- an intro to a pretty recent piece of code I wrote, the config library for the Typesafe Stack http://blog.ometer.com/2011/12/09/configuring-the-typesafe-stack/
btw, since you're here on StackOverflow: on that site, I seem to be one of the few people answering X11 questions. It's not that these are the only questions I know the answer to, it's that someone else gets around to most other questions first. But I'm often the first person to show up with the esoteric X11 trivia.
Experience show all
Senior Software Architect
June 2015 – Current
Tech lead / product owner
June 2011 – May 2015
Product owner and lead developer of Typesafe Activator, which was a tool for getting started with Typesafe tech, including a web site with hundreds of sample apps. Beyond Activator, I filled in holes as needed at the company and was all over the map. I designed and build the Config library https://github.com/typesafehub/config/, contributed to Scala's SIP-14 http://docs.scala-lang.org/sips/pending/futures-promises.html, worked on the Heroku buildpack, wrote whitepapers/case-studies, presented Scala at conferences, wrote the main tutorial for sbt, and helped define Typesafe's product plan.
Director, Operating System Development
January 2008 – June 2011
As technical director for litl OS, hired a team and shipped a brand new high-design OS on brand new hardware in less than two years from standing start. Made key technical architecture decisions, partnership decisions, and heavily participated in product design.
1999 – January 2008
Started as a developer and open source community leader, later took on a management role and ramped up the Red Hat desktop team. We transformed the Linux desktop from fvwm2+xterm into a modern user experience and API.
In 2005, member of a small team creating Mugshot, a consumer-oriented web site. Mugshot displays a feed of everything your friends are doing around the Internet, for example their current music track, latest photos, blog entries, etc. Like the Facebook News Feed - but shows stuff from all over the web not just Facebook. (And we created it before Facebook launched their News Feed!)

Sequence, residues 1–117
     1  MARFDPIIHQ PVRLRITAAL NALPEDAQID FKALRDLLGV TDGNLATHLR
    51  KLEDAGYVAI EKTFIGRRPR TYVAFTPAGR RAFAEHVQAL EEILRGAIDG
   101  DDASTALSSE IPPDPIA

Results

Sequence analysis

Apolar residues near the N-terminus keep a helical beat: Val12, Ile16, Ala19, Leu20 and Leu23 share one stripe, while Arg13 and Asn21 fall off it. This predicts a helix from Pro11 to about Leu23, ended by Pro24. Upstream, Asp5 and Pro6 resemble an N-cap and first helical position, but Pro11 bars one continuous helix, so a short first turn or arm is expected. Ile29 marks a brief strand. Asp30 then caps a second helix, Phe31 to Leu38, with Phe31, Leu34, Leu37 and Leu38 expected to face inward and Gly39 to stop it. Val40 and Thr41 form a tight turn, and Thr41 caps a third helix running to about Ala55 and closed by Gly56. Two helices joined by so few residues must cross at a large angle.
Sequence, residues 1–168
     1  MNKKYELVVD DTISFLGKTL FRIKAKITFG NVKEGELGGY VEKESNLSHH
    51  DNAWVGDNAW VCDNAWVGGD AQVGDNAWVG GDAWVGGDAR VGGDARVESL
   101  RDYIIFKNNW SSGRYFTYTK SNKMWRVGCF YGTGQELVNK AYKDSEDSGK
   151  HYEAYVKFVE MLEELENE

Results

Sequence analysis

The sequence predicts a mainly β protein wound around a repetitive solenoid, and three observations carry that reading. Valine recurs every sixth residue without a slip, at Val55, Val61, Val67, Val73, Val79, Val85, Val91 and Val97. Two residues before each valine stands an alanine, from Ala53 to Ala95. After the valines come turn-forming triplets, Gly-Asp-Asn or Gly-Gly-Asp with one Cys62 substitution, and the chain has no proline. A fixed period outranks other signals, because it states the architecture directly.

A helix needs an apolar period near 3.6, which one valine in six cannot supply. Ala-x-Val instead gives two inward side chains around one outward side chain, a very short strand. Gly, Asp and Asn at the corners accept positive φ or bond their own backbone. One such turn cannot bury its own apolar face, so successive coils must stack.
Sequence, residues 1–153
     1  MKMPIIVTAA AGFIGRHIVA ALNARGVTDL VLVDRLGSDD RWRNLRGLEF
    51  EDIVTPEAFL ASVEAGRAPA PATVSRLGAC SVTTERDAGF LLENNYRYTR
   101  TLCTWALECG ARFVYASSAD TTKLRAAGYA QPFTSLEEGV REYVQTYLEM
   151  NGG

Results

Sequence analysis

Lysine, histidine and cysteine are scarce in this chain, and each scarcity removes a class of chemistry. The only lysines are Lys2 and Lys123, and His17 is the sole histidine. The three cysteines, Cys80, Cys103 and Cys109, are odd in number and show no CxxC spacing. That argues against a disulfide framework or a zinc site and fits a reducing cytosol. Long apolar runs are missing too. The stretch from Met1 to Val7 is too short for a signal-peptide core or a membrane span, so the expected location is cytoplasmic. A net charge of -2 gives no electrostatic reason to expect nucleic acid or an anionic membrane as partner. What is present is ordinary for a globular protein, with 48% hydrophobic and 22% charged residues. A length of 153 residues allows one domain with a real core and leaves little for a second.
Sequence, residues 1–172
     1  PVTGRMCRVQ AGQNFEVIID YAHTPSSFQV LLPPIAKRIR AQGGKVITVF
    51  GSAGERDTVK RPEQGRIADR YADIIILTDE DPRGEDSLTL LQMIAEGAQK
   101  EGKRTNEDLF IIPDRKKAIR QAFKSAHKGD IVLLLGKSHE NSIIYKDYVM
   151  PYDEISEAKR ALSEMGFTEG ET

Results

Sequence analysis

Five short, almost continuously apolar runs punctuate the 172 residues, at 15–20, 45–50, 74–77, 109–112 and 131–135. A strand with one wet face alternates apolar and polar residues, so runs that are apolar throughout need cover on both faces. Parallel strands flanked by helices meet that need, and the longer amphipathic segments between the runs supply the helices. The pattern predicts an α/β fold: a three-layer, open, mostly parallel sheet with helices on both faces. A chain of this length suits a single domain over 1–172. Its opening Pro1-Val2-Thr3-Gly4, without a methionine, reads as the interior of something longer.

In 2007, with the open source community, explored how to build a simple, secure, maintenance-free OS as an ideal window to the Internet.
Worked on numerous special projects for Red Hat including due diligence for proposed acquisitions, internal support system overhaul, patent analysis, partnerships, etc.
EMC Capital Management
July 1998 – July 1999
Developing visualization software for technical analysis for a commodities fund.
University of Chicago
1994 – 1998
Stack Exchange show all Last seen today
Open Source show all
GTK+ is a highly usable, feature rich toolkit for creating graphical user interfaces which boasts cross platform compatibility and an easy to use API.
Implemented a number of significant components and features, one of the largest was the GtkTextView widget.
D-Bus is a message bus system, a simple way for applications to talk to one another. In addition to interprocess communication, D-Bus helps coordinate process lifecycle.
Original design and implementation
GNOME is an international community dedicated to making great software that anyone can use, no matter what language they speak or their technical or physical abilities.
One of the original GNOME project developers.
GitHub, Jun 2011 - Jun 2012; followed by 17 people; forked 2 times
Scala MongoDB API with async and BSON AST -> (JSON or CaseClass) pipeline
GitHub, Nov 2010 - Jan 2014; followed by 7 people; forked 2 times
A code doodle implementing an actor-like system for GObject
Writing (7) show all
Articles & Blogs